Random Adventure Generator

ThemeAction/Adventure
This is the most common and straightforward sort of adventure there is. In the Action/Adventure scenario, you present your characters with a task and then confront them with obstacles to overcome in order to accomplish the task successfully.
GoalGain Money
The heroes are intent on acquiring a fee or treasure. If it's a fee, you may wish to roll again on this page to learn the patron's goal. If it's a treasure, pay attention to the Settings section, which will dictate where the treasure is, if not who owns it.
Story HookMissing Memories
One or more of the PCs wakes up with no memory of the recent past, and now they find themselves in some kind of trouble they don't understand. The PCs must find the reason for the memory lapse, and solve any problems they uncover in the meantime.
PlotA-B-C Quest
This is an epic sort of plot. In it, the heros are given (or undertake) a task to perform: The taking of a city, the rescue of an innocent, the destruction of a monster, the creation of a magical item, the defeat of a Master Villain, etc. But the path to victory is not a simple one. To get to their goal, Event A, they find that they must first accomplish some other task -- Event B. But when they undertake the task of accomplishing Event B, they find that they must first accomplish Event C. This goes on for several encounters, until the heroes accomplish all the obstacle events which prevent them from returning to Event A, their original goal.
ClimaxThrone Room Duel
This is set up much like the Scattered Duels, except that you don't separate the heroes. It's harder to control whom fights who in this situation... but if it doesn't matter who has the final duel with the Master Villain, this is a classic climax choice.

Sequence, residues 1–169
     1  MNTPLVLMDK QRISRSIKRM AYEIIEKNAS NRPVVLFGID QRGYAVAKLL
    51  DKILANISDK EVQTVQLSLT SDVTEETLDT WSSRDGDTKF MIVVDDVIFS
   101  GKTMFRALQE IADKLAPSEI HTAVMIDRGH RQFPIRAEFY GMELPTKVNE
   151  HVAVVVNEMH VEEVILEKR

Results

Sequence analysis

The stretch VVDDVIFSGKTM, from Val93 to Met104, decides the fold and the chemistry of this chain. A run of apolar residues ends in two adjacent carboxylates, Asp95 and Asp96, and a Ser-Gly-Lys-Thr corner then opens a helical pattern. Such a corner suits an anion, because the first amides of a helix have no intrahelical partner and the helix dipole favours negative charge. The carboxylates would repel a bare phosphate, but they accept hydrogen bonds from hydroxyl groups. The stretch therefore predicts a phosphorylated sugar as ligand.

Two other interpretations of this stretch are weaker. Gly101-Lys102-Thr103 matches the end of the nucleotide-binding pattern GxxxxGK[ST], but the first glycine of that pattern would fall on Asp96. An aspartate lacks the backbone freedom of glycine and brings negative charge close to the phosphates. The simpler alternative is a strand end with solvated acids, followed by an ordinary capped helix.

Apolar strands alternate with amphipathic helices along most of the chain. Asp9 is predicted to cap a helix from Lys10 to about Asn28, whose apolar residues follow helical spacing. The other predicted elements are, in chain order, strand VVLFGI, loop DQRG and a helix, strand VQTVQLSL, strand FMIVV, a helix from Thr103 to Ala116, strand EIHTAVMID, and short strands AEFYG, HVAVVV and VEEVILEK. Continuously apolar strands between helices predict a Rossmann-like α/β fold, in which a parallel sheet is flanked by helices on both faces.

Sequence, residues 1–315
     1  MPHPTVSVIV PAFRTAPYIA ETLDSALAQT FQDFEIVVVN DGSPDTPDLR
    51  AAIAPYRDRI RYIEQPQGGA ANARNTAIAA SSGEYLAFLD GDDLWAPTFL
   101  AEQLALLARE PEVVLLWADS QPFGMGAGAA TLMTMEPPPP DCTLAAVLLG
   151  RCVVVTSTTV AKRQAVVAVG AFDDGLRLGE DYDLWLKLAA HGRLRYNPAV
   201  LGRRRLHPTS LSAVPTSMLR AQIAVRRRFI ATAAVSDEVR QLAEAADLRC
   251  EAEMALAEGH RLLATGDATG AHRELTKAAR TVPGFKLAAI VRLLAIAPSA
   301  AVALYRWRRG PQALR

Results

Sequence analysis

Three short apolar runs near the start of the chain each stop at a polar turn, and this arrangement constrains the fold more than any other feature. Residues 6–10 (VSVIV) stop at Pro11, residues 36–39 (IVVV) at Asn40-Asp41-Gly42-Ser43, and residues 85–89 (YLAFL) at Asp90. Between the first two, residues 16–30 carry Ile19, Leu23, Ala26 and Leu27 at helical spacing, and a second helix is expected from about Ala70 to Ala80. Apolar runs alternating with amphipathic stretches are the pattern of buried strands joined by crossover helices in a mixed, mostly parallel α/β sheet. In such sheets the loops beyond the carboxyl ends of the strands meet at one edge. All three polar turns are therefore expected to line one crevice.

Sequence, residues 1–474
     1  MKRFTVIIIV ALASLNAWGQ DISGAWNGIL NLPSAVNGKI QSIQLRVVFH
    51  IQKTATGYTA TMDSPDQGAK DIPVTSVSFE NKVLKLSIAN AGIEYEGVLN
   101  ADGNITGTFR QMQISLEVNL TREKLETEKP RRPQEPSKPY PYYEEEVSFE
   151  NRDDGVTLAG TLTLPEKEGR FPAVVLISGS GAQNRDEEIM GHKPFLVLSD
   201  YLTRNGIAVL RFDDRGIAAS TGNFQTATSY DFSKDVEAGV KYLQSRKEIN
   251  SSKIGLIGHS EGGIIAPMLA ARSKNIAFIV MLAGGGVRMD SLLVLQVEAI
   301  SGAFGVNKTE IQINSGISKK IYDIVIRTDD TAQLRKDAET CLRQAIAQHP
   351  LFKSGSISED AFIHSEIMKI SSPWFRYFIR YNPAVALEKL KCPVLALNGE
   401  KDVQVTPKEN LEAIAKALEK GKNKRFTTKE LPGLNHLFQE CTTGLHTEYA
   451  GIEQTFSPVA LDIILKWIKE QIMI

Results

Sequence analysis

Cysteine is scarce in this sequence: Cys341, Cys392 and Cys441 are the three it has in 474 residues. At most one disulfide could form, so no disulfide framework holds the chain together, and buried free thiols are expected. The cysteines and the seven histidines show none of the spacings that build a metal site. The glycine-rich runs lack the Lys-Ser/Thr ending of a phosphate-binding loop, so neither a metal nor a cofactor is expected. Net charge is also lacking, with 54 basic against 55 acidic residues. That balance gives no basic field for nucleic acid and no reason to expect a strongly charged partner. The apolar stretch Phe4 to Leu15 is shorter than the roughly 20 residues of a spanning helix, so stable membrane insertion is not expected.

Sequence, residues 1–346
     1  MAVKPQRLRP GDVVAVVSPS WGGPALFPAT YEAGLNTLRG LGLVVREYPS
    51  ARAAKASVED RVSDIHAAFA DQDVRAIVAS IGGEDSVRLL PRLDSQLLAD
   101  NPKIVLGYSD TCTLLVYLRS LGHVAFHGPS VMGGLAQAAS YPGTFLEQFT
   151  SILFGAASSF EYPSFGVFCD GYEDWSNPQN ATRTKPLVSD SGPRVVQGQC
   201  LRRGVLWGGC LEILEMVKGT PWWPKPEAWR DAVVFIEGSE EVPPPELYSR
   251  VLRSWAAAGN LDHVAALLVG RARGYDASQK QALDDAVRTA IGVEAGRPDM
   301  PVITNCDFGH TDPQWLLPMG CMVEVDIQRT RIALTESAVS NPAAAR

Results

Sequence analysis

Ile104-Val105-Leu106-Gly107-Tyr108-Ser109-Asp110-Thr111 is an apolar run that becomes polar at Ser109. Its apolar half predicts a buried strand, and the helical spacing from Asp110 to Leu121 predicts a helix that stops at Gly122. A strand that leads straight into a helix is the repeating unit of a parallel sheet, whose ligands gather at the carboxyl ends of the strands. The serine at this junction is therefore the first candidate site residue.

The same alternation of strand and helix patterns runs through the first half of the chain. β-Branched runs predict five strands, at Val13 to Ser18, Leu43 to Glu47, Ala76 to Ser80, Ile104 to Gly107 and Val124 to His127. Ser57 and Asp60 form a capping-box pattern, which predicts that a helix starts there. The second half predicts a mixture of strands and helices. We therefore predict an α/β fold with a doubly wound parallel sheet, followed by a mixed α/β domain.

General SettingExotic Distant Land
The adventure will take the heroes to some fascinating and exotic distant country, where they'll have to cope with new customs, monsters unfamiliar to them, and very colorful NPC encounters; choose one of the more fascinating foreign lands from your campaign world.
Specific Setting ILegendary Forest
This classic adventure site is the sometimes dark and fearsom, sometimes light and cheerful, always magical and incomprehensible forest inhabited by the oldest elven trives and most terrifying monsters.
Specific Setting IIClassic Dungeon
This would be the standard monster-filled labyrinth; perhaps it's a nesting ground for the master villain's monster troops.
Master VillainZealot
This villain is like the Conqueror, but he's not trying to conquer to own; he's trying to purge the world of something he feels is pure evil (another religion, a human, demi-human, or nonhuman race of sentient beings, a custom). He operates just like the Conqueror, enslaving or killing all those who belong to the "wrong" race or philosophy.
Minor Villain IInquisitor
This villain is the one who interrogates the heroes and NPCs captured by the villains. He accompanies the other Minor Villain out into the field and works on anyone captured; he enjoys inflicting pain and suffering.
Minor Villain IIHard-Eyed Advisor
This is the sort of villain whom the heroes see in the Master Villain's throne room. He's hard-eyed and scary; life means nothing to him and he enjoys killing. He's also a good advisor to his master.
Ally/NeutralAbsent-Minded Expert
The characters find they need an expert in some fields -- pottery, alchemy, whatever -- but all they can find is a somewhat daffy and absent-minded master of that subject. He's useful when around his subject matter, but otherwise absent-minded, incautions, in frequent need of rescuing, etc.
Monster EncounterStampede
Should the heroes ever cross plains or prairies, their villainous enemies may wish to stampede a herd of large animals at them. Alternatively, beasts in the forest may be stampeded by fires set by the villains; in this case, it will not be one sort of animal charging through, but a mixture of terrified forest animals, from the smallest fox-cub to the largest bear.